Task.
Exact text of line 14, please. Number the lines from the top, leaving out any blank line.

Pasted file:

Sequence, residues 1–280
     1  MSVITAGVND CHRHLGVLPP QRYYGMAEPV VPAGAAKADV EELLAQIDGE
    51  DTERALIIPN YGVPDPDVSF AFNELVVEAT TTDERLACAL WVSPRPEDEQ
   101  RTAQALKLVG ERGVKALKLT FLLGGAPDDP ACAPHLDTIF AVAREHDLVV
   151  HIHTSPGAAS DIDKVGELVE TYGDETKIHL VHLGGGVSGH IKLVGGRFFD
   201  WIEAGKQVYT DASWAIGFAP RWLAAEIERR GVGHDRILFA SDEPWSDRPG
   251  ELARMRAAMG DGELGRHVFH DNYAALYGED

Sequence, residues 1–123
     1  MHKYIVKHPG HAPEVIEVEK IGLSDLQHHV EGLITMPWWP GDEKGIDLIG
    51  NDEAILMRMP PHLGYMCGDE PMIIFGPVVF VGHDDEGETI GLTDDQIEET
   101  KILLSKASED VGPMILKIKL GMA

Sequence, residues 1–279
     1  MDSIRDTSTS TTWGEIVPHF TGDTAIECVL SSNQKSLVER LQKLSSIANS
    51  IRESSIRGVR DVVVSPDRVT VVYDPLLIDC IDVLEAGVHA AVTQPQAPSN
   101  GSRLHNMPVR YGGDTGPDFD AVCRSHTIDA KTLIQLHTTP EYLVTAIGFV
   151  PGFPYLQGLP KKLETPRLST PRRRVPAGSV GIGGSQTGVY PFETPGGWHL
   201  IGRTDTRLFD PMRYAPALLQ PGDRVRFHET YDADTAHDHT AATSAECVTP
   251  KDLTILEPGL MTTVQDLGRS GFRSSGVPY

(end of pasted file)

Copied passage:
    51  IRESSIRGVR DVVVSPDRVT VVYDPLLIDC IDVLEAGVHA AVTQPQAPSN